Agile is not Unplanned

Agile focus on flexibility and the ability to change directions during the project, but it is not the same as working unplanned and rushing to do anything that comes up. For some people new to agile methodologies, this might be a bit of a surprise.

An experienced project manager, that at the time was new to agile processes once said to me:

I thought scrum was supposed to be agile, but the fixed sprints makes it a loss less flexible than what I’m used to. When something new, urgent comes up, I can no longer go ask someone on the team to fix it.

At the time, I was mostly upset with the comment, but with some spacetime distance to the project I can now look back and learn something from it.

The first thing that was obvious was that the project manager was not at all as used to plans and following plans as he thought. Of course there had been project plans before, but only on a high level. There had not been the detailed plans that are prepared in a scrum sprint planning meeting, where the team and the product owner negotiates a deal on what to commit to for the next sprint.

The second conclusion is that the project manager was not used to self organizing teams, that do their own planning. In an agile project, the role of the project manager and product owner is to give the team a clear goal and then let the team work in the best way they see fit to reach that goal. To do that, plans are indeed required, but that’s a different kind of plans than the normal project plan.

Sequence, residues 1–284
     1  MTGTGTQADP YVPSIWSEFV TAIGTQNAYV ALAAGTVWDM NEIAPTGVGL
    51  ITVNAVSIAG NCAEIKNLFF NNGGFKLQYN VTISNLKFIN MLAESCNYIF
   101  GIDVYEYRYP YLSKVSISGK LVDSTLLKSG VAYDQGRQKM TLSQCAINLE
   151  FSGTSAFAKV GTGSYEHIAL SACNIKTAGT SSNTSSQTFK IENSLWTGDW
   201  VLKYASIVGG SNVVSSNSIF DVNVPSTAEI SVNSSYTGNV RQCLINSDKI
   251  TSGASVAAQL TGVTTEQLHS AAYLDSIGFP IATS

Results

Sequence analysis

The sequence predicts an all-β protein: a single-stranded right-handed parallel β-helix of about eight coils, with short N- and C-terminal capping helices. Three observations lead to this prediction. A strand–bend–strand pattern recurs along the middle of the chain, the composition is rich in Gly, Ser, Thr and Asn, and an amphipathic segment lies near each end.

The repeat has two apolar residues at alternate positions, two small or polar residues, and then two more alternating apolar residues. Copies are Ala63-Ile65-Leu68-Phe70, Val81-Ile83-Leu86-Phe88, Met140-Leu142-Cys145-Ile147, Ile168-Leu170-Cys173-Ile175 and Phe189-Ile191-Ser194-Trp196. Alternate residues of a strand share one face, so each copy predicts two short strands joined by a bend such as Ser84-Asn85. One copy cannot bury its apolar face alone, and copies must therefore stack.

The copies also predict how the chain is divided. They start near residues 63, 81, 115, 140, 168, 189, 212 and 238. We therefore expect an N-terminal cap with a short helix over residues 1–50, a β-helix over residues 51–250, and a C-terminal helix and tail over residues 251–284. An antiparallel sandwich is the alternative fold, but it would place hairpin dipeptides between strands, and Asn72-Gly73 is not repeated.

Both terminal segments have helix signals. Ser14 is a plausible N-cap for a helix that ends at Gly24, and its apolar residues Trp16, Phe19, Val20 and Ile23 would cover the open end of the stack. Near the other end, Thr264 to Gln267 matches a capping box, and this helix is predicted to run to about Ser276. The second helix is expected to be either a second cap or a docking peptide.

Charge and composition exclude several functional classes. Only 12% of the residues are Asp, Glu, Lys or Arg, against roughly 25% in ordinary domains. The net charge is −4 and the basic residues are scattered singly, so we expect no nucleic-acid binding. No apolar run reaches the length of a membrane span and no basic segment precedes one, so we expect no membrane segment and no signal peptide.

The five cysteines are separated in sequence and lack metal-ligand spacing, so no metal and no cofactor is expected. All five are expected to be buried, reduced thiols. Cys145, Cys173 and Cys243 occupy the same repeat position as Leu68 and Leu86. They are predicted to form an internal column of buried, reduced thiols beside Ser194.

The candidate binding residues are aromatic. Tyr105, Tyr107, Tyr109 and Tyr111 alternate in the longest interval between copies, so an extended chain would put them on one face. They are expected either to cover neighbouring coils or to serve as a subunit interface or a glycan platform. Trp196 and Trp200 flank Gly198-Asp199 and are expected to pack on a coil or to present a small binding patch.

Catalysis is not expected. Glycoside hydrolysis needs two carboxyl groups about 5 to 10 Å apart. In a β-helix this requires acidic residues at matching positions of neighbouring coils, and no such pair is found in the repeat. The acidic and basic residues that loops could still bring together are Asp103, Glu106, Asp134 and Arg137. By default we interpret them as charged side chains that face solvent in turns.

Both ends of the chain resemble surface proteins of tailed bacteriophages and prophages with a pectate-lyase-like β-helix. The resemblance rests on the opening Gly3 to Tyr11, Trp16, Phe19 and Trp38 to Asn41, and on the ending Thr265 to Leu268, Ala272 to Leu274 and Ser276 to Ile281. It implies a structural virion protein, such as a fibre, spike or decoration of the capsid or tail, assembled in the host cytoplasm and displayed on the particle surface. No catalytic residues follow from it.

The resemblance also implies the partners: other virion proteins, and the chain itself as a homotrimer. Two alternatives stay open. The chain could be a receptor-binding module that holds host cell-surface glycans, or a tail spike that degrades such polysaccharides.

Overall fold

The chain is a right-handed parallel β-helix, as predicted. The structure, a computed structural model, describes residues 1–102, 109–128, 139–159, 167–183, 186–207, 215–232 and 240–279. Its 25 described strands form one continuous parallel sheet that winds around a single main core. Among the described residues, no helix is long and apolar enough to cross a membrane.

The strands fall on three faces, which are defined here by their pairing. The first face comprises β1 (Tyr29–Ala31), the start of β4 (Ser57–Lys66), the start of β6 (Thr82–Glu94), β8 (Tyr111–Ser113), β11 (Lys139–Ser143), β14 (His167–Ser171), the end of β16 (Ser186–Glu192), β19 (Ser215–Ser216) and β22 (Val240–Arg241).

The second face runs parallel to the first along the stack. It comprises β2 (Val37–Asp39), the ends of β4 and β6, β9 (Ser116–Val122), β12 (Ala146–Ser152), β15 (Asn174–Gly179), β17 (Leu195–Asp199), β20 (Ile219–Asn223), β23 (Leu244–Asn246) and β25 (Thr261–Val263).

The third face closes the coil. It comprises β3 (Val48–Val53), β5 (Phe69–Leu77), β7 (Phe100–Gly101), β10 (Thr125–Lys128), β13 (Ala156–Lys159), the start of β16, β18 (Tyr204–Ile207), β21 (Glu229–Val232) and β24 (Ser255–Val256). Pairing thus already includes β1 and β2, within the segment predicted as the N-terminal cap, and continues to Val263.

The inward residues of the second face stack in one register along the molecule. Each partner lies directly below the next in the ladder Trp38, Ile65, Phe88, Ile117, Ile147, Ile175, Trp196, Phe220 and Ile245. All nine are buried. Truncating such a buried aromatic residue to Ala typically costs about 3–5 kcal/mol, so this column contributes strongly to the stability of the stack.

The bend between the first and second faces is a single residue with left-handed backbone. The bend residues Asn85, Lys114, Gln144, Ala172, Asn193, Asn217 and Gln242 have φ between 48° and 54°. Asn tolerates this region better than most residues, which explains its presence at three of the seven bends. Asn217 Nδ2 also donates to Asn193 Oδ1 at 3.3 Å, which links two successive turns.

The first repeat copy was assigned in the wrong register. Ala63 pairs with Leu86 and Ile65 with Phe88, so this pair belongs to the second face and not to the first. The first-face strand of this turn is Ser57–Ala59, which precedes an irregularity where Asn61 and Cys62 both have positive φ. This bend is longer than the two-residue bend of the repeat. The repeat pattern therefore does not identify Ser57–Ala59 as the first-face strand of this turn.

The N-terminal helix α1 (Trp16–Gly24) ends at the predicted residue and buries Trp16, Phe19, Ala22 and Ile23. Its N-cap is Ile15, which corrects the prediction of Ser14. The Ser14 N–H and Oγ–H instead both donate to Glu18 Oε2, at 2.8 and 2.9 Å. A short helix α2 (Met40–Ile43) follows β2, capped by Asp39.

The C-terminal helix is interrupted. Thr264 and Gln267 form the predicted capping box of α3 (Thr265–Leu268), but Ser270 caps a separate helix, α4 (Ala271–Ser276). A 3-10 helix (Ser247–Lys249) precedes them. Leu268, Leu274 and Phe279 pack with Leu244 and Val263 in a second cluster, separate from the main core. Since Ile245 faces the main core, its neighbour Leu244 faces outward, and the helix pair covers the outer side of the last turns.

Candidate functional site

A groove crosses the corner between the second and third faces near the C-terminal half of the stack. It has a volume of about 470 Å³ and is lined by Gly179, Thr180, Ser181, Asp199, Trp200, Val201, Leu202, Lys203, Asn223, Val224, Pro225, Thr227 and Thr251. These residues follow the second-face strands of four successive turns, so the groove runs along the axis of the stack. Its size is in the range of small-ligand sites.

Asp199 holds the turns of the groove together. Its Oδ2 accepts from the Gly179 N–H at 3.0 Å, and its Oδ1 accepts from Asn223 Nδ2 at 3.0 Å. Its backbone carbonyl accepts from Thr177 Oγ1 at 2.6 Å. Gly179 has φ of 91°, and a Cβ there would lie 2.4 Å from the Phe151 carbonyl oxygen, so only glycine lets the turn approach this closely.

Disarming Different Estimates with a Deck of Cards

Yesterday I got hold of a deck of cards, specially made for playing planning poker at sprint planning. I’ve been through many sprint plans before but never actually played planning poker with cards. I’m stunned by the difference it made.

Without the cards, I’ve always been careful that everyone settles their own opinion first, before anyone else tells what they think. I thought that was enough to get the same results as when using actual cards. I was wrong. I was completely wrong. I spoiled an opportunity to build the team spirit, the feeling of doing this together, the collective ownership of the estimates. The most important thing I missed was the possibility to get rid of the feeling of criticism when having a different opinion. The criticism that nags on the team spirit can be replaced with a good collective laugh, empowering the team spirit instead.

Software Development is a Job – Coding is a Passion

I'm Anders Abel, an independent systems architect and developer in Stockholm, Sweden.

profile for Anders Abel at Stack Overflow, Q&A for professional and enthusiast programmers

Code for most posts is available on my GitHub account.

Popular Posts



Powered by WordPress with the Passion for Coding theme.